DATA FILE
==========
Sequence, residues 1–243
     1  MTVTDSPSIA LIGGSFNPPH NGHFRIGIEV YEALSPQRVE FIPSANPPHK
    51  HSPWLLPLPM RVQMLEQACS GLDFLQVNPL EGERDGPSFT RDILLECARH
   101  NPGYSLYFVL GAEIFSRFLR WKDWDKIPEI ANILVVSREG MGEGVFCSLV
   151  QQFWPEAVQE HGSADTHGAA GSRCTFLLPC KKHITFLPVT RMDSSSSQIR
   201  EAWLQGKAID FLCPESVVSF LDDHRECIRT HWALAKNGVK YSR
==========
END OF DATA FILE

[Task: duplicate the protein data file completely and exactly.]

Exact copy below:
Sequence, residues 1–243
     1  MTVTDSPSIA LIGGSFNPPH NGHFRIGIEV YEALSPQRVE FIPSANPPHK
    51  HSPWLLPLPM RVQMLEQACS GLDFLQVNPL EGERDGPSFT RDILLECARH
   101  NPGYSLYFVL GAEIFSRFLR WKDWDKIPEI ANILVVSREG MGEGVFCSLV
   151  QQFWPEAVQE HGSADTHGAA GSRCTFLLPC KKHITFLPVT RMDSSSSQIR
   201  EAWLQGKAID FLCPESVVSF LDDHRECIRT HWALAKNGVK YSR